When to Move to a Memory Support CommunitySeptember 14, 2022
You cherish the relationship you share with your parent or loved one and appreciate the lifetime of memories you have built together. Moments from your childhood are forever imprinted on your heart, when mom or dad poured their time and energy into making your life feel bright and magical. Though many years have come and gone, you must navigate life differently these days. You are seriously devoted to their well-being and quality of life, leading you—and perhaps your siblings or other family members—to consider whether now might be the appropriate time to help them transition to a memory support community. When your loved one has Alzheimer’s disease or dementia, the transition to the role of caretaker instead of son or daughter, husband or wife, may leave you feeling overcome with emotion or even ill-equipped to handle the challenges that arise as their symptoms worsen. You are not alone in your struggle; families just like yours are finding life in a memory support community allows everyone to thrive once again. As professionals in memory support, we hope the information shared below will be helpful as you research possible next steps together.
What is Memory Support?
AARP defines memory support as “a form of residential long-term care that provides intensive, specialized care for people with memory issues.” Keeping your loved one safe is paramount—our memory support community is secured and is made especially for those experiencing dementia and other cognitive impairments. We work diligently to celebrate the daily successes and focus on the present moment to make life more comfortable for your loved one. Their dignity, safety and quality of life are always our focus.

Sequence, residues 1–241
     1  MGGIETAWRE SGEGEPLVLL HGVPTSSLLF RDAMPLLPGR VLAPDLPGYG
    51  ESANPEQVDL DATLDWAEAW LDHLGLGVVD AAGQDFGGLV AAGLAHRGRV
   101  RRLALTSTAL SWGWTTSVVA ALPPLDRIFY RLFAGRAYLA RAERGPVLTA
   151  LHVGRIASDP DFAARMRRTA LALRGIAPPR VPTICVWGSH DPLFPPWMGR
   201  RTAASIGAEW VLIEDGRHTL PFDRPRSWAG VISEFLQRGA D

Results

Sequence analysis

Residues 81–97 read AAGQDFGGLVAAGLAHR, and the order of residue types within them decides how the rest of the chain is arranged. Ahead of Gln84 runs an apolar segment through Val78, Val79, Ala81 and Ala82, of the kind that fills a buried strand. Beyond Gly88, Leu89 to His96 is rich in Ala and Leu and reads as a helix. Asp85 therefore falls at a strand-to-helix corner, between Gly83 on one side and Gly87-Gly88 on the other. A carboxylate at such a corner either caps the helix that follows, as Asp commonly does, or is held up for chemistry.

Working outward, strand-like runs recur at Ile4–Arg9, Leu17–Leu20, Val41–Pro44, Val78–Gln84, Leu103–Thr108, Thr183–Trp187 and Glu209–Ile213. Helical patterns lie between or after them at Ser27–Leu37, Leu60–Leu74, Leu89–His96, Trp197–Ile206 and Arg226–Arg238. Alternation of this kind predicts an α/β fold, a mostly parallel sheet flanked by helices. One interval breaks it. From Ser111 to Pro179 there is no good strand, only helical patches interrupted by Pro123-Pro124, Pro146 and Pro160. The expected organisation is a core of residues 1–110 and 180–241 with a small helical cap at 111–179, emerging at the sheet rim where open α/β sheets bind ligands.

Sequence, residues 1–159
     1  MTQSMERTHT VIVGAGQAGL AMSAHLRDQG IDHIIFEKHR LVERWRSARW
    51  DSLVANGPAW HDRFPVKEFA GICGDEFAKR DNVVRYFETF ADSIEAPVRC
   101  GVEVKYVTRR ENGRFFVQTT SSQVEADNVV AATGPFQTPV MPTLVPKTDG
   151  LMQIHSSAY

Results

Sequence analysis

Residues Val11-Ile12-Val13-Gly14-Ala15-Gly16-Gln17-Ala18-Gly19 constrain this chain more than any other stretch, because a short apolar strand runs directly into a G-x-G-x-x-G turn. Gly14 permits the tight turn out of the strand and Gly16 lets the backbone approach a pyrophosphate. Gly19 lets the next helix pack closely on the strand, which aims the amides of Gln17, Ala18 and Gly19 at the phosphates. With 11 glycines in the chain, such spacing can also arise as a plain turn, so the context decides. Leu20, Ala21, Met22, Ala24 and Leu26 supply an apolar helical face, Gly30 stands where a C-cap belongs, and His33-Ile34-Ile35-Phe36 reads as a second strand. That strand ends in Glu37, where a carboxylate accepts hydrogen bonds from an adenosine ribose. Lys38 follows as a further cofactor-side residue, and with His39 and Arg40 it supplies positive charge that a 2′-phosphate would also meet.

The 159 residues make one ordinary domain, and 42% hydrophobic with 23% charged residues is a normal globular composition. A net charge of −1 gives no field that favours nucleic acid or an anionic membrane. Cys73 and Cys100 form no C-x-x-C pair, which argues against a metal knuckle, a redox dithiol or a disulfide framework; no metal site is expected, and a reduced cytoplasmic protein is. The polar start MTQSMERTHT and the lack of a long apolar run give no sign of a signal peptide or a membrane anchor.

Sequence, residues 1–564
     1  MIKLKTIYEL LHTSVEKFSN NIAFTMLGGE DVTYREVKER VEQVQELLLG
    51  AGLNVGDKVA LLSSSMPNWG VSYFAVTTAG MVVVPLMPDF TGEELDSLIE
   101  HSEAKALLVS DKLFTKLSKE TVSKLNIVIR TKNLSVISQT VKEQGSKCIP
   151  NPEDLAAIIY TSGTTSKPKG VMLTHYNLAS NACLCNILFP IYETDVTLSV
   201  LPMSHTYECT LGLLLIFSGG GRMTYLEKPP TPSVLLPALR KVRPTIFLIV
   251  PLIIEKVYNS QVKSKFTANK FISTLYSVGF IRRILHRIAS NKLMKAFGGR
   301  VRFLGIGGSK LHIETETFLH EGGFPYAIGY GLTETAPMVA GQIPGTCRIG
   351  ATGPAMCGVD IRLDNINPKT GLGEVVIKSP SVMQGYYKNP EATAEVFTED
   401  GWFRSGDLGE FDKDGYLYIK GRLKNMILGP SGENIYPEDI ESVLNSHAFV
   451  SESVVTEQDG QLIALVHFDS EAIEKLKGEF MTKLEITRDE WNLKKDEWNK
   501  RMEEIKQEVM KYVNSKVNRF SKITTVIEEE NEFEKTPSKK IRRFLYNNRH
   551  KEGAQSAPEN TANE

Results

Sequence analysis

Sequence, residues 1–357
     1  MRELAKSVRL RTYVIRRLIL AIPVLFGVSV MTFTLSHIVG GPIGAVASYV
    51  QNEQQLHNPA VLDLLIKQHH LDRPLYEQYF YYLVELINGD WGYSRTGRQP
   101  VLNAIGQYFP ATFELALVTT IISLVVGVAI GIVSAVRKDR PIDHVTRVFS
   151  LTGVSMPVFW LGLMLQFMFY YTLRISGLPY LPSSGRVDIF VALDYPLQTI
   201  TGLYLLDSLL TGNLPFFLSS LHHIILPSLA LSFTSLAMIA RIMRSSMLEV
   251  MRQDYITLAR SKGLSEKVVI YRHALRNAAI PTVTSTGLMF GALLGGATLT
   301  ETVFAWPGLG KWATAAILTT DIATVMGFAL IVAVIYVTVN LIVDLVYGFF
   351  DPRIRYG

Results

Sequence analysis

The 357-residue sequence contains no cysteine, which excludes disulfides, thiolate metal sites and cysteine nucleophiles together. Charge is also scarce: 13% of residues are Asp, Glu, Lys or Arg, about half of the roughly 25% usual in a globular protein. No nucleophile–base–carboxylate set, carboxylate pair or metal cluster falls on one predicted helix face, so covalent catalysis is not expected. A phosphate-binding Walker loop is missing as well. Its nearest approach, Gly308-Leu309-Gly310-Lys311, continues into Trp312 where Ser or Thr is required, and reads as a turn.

When to Consider a Memory Support Community
Caring for a loved one in your home when they are struggling with Alzheimer’s disease or dementia is overwhelming on many levels, especially as the disease progresses and symptoms become more serious. Over time, the demands of looking after mom or dad while also juggling other important responsibilities, such as raising your children, devoting time to your marriage and career, and taking care of yourself, can become increasingly heavy and not sustainable long-term. R. Morgan Griffin for WebMD reports: “Caregivers have a higher risk of depression, anxiety, other illnesses, and early death.” Griffin emphasizes, “Taking care of someone with Alzheimer’s is too much for one person, especially if you’re raising kids too.” Before the burden becomes too heavy, meet with your family and create a plan to keep your loved one safe as their illness progresses. The Alzheimer’s Foundation of America has a host of resources, including tips on what to cover during your family meeting. Their helpline and caregiver support groups are invaluable tools in challenging times.
An Improved Quality of Life
A dedicated team of memory support professionals provides a lifeline for families who have become overwhelmed in keeping their loved one’s ever-changing needs met. Seek out a memory support community with a highly-trained staff that offers specialized programming and structured and engaging activities tailored to residents experiencing cognitive impairment. Shifting your role back to son or daughter instead of around-the-clock caregiver provides you with much-needed relief and peace of mind. It allows you to spend more quality time together when visiting with your loved one because you are not stressed or overwhelmed. Instead of having to make decisions where it feels like no one wins, such as attending a child’s school event or staying by your parent’s side, you can now focus on giving your family the attention they deserve while also having room to dedicate quality time once again to your mom or dad.